Here's the good news about the U.S. economy right now: Despite a wave of high-profile layoff announcements, most workers are still employed. Last week, the Bureau of Labor Statistics reported that the number of people filing for unemployment benefits fell to a nine-month low of 186,000. The unemployment rate remains at 3.5%, the lowest in a half-century. And there are about 10.5 million job openings.
Yet many economists believe we are heading for some type of economic recession. It just might not look like the recessions we've previously experienced in the U.S.
"I think the characteristics of this recession are likely to be different than prior ones," said Gregory Daco, the chief economist at Ernst and Young's EY-Parthenon consulting group. He cited two reasons: the state of household finances, like healthy savings rates and relatively low levels of debt, and demand for labor, which continues to be resilient.
"So we have not seen the type of severe pullback we usually see at the onset of a recession, where businesses look to cut costs rapidly," he said. "So the pullback is likely to be softer and more gradual than in the past. We're not going to see broad-based layoffs."
Why, then, could the U.S. still be marching toward a recession? Daco said consumer spending levels appear to have peaked several months ago. In addition, people have begun working fewer hours, and manufacturing activity has begun to pull back.
"So across the economy there are more indications that the economy is slowing down materially, and that’s typically the sign of the onset of a recession," Daco said.
The news of a slowdown is, at least so far, being met with some relief among some observers. That's because it's an indication that an economic "soft landing," in which the breakneck rate of inflation for much of last year appears to be getting extinguished without a rapid and expansive rise in unemployment.
Federal Reserve officials have made it very clear that that is part of their objective to pull back on inflation, which reached as high as 9% on an annualized basis last summer. For nearly a year, the central bank has leaned into an aggressive campaign to raise interest rates to slow the rise of consumer prices.
Fed Chair Jerome Powell himself was unabashed last year about taking those measures.
"I just think that the inflation picture has become more and more challenging over the course of this year, without question," Powell said at his monthly news conference in November. "That means that we have to have policy be more restrictive, and that narrows the path to a soft landing."
What's it going to take?
Michael Antonelli, a managing director and private wealth manager at the financial services company Baird, said that to get a soft landing, inflation would have to fall significantly, corporate earnings would have to hold up, and the job market would have to stay strong.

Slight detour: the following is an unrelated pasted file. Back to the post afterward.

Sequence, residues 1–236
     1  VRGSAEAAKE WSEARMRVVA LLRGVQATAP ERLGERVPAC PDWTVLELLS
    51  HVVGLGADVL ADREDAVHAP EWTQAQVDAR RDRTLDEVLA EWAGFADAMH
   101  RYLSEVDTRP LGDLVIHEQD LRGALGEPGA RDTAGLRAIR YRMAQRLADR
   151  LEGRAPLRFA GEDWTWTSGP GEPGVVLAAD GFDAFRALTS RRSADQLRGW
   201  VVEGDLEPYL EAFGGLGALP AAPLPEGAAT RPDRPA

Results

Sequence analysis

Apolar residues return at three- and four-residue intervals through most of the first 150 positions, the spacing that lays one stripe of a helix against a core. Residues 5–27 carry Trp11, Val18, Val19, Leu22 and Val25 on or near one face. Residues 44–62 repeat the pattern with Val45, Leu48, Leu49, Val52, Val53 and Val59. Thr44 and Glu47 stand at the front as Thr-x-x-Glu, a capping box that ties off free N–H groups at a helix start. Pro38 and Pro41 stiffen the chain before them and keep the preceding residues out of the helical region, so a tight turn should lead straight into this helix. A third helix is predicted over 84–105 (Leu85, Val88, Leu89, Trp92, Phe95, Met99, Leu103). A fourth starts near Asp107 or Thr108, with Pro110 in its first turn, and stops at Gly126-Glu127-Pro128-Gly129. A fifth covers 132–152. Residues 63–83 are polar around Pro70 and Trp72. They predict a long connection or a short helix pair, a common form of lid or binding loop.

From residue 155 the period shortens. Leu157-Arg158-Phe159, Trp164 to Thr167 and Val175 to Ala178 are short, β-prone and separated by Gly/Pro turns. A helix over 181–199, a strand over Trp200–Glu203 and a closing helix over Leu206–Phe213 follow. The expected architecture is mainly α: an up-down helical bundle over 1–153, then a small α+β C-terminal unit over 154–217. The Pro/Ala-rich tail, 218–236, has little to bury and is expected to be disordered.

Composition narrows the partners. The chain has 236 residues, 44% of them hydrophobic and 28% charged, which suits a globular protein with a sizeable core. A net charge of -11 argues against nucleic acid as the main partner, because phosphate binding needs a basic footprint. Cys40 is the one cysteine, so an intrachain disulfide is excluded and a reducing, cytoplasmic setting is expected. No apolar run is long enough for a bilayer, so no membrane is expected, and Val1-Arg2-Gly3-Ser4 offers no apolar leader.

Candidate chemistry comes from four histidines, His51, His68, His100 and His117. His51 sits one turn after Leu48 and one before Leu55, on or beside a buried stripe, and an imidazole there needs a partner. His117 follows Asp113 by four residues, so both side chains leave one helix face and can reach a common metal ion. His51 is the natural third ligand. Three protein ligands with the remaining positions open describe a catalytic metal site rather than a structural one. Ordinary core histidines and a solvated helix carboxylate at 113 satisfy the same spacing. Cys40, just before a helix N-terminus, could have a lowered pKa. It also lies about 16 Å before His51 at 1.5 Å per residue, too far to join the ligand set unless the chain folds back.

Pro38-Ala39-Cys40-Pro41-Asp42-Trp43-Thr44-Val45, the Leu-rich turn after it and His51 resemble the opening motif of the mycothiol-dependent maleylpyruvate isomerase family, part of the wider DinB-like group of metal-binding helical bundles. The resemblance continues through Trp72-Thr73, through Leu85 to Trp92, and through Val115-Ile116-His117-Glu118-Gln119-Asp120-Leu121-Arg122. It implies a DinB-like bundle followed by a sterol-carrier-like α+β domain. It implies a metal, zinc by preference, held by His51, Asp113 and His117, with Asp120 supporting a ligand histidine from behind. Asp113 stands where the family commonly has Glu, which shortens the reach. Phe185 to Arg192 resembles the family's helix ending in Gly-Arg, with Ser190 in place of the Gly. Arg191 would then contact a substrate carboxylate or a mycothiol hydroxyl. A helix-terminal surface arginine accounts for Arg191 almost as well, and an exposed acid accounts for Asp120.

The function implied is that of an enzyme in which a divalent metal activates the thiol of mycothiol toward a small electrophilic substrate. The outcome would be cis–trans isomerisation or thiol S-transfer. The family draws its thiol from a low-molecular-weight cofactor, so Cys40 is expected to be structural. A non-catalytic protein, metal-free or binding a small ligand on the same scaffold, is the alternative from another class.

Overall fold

The odds of sticking that “landing” are going to be tough — but not impossible — Antonelli said.
"A soft landing is a long shot by any probability — it's never really happened before," he said. "Any time inflation has been this high, we have a recession to bring it under control. There aren't a lot of historical analogies for a soft-landing scenario."
Many economists agree that the U.S. is, for now, not in a recession. The most recent gross domestic product report published last week showed the U.S. economy grew by 2.9% in the fourth quarter of 2022, following growth of 3.2% in the quarter before. That's more than enough to overcome one technical definition that a recession equals two consecutive quarters of negative growth.
But the same economists still foresee a "mild" recession's hitting soon.
“The mix of growth was discouraging, and the monthly data suggest the economy lost momentum as the fourth quarter went on,” Andrew Hunter, a senior U.S. economist for Capital Economics, wrote of the latest GDP report. “We still expect the lagged impact of the surge in interest rates to push the economy into a mild recession in the first half of this year.”
In fact, the economy may now be in a sweet spot. Julia Pollak, the chief economist at the online employment marketplace ZipRecruiter, sees encouraging signs that the economy is in, or is heading toward, a point where inflation is coming down quickly "without a huge economic cost," like higher unemployment.
"We may now be on the cusp of a situation where wage growth is going to be faster than inflation for the foreseeable future and consumers get real wage increases after two years of real wage declines," she said.
Ironically, it may end up being the Federal Reserve itself that pushes the economy into recessionary territory, Pollak said. On Wednesday, the Fed will announce its latest interest rate decision. If it raises rates by another half-point, as it did in December, it will signal to markets that it remains concerned about inflation — even as investors elsewhere have indicated they remain satisfied with the current pace of slower price growth.
"The big risk is that the Fed may not recognize [a price-growth slowdown] soon enough or that it's too worried and be too aggressive and overshoot," Pollak said.
If rates go higher than markets anticipate, she said, "that will cause some degree of panic and consternation and could slow down major expenditures and investments enough to cause more pain in the labor market."
One thing is certain: The U.S. economy is a large, complicated machine that can sometimes defy expectations. And the levers the Federal Reserve uses to fine-tune that machinery are imperfect, so, even with the Fed's clearly defined plans, it's anyone's guess exactly how the economy will respond to its maneuvers in the near term.